Four games, three distinct visual styles. Mega Man Legacy Collection 2 may feature representatives from three eras of console gaming, though that's not immediately apparent unless you've kept up with the series the whole way through.
Mega Man 7, being a Super Nintendo game, looks every bit the part. There's a complexity and softness to the sprites that is classically 16-bit, and while its level theming is lacking in parts, it's consistent throughout. Good stuff.
Mega Man 8 introduced anime-style cutscenes, but the in-game field of view appears greatly expanded. 7 may feel a bit too close for comfort at times, but by comparison, 8 looks zoomed out. It ultimately works, though the enhanced graphics made possible by the Sony PlayStation resulted in a game that's way too busy for its own good.
Mega Man 9 and Mega Man 10 mark a return to the 8-bit visuals that were made famous by the six Nintendo Entertainment System classics. Whether the assets are new or recycled, they make for a charming aesthetic.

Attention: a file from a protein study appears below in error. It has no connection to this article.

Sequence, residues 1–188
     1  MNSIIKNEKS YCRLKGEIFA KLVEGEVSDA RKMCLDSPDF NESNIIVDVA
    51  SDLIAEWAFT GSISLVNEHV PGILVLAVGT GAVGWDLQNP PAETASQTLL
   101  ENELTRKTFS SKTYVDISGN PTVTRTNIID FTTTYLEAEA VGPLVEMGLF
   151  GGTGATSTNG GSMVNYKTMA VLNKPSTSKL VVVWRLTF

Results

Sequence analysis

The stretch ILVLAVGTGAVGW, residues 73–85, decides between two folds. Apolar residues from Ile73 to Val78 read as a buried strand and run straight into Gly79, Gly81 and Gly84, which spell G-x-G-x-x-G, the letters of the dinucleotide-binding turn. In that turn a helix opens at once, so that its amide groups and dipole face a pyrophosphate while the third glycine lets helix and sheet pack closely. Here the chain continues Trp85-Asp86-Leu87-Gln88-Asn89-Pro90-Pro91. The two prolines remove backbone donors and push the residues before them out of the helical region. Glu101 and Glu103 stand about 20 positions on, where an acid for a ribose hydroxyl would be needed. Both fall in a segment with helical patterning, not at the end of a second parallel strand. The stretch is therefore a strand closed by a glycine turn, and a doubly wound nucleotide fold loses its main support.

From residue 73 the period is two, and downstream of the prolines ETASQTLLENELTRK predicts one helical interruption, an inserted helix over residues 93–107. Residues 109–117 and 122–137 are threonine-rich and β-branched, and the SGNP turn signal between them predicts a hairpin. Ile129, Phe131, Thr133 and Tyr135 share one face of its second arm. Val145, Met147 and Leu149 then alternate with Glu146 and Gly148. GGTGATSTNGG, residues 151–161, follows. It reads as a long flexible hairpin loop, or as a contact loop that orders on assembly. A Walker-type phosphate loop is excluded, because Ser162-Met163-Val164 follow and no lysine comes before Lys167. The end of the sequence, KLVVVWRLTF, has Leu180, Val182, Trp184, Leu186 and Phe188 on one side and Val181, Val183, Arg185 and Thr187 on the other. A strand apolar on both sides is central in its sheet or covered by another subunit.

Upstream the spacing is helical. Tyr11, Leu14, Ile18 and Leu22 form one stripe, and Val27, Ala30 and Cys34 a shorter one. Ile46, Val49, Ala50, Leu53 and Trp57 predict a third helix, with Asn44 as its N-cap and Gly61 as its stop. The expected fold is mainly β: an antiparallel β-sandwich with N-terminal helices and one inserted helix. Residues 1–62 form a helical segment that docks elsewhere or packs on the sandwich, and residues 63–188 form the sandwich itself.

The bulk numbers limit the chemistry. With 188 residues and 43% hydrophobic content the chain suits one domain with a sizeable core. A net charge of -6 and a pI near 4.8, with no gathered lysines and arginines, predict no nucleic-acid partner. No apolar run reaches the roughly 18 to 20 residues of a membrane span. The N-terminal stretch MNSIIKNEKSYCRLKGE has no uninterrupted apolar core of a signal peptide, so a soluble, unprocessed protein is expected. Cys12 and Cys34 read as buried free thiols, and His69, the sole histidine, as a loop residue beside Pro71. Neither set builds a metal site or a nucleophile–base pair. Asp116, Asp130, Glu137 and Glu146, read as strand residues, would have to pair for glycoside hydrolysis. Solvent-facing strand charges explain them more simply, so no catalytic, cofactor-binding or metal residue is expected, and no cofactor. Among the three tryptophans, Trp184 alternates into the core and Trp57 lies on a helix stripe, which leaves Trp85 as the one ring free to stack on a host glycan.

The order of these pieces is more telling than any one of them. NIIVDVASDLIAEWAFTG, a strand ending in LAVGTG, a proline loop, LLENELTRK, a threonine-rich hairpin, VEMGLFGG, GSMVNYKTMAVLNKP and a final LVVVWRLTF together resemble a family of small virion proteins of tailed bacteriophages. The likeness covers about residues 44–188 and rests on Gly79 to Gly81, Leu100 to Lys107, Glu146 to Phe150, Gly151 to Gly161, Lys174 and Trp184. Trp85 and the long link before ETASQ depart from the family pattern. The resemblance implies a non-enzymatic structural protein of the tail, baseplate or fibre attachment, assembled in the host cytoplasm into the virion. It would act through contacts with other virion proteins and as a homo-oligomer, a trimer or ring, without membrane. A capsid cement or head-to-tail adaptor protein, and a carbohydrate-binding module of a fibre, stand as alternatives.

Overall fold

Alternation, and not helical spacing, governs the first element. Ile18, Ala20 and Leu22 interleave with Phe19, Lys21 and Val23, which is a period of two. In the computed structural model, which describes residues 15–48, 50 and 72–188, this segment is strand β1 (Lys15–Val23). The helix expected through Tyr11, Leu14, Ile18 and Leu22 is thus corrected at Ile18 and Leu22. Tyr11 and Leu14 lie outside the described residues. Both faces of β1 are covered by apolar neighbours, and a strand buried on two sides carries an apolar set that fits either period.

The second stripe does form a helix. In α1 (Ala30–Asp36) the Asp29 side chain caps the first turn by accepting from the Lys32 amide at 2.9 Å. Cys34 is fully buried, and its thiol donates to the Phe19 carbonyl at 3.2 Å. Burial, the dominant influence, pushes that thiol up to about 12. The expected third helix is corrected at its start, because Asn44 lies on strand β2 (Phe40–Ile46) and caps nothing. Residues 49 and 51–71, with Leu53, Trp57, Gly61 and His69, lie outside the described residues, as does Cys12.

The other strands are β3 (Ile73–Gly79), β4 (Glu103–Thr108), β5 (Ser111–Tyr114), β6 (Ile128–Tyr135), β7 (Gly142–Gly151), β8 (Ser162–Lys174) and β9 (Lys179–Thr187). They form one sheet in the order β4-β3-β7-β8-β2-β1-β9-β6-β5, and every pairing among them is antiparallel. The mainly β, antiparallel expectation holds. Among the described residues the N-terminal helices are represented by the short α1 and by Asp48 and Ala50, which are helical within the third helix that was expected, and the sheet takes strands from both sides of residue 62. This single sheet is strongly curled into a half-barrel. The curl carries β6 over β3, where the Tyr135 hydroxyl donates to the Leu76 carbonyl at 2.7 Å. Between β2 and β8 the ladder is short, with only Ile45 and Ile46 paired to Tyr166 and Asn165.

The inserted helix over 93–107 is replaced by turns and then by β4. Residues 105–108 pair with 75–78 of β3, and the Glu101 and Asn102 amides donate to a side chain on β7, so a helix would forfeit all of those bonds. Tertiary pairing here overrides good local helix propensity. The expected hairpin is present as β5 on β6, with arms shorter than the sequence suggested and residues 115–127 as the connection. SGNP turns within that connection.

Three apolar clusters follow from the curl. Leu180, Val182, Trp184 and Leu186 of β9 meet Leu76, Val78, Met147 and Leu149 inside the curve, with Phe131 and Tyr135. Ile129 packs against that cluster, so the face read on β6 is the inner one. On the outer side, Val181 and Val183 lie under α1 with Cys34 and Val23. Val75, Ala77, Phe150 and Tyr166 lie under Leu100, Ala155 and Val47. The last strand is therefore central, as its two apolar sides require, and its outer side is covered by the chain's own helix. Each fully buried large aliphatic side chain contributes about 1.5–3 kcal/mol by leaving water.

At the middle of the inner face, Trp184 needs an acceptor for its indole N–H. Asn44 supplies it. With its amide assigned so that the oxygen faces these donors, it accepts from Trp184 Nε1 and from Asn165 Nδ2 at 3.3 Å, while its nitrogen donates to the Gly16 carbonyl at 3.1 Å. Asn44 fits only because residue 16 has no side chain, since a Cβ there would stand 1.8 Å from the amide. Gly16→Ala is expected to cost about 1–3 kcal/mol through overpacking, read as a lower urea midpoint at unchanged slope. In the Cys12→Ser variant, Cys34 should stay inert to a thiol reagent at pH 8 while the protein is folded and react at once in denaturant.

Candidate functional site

In terms of sound design, each game represents what its generation was trying to accomplish in the context of the franchise as a whole.
Mega Man 7 reintroduced the classic cues of the originals, but utilized the expanded palette of instruments allowed by the SNES to deliver something more memorable.
Mega Man 8 is famous for its sound design. By "famous," I mean "infamous." This is primarily due to the performances in the English dub, which are uniformly, spectacularly bad. Mega Man sounds like a little girl, and Dr. Light is what you'd get if Elmer Fudd, against type, decided to play it straight. It's a beautiful disaster, and easily the most entertaining aspect of the PlayStation original.
Mega Man 9 and Mega Man 10, in a manner befitting their retrograde visuals, boast complex, catchy chiptune soundtracks that perfectly evoke what it was to be a Capcom soundtrack in the late 1980's and early 1990's. The same goes for sound effects, which are, part and parcel, exactly as they were for the original six.